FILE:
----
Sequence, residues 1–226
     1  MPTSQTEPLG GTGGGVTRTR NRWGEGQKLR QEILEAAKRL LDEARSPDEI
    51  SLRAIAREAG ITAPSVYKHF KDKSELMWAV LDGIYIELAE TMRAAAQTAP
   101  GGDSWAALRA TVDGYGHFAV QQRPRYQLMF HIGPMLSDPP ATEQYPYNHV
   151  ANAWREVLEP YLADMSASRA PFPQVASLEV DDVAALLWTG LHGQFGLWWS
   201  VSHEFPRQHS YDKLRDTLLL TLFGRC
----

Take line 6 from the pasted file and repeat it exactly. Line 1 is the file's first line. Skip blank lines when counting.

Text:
   201  VSHEFPRQHS YDKLRDTLLL TLFGRC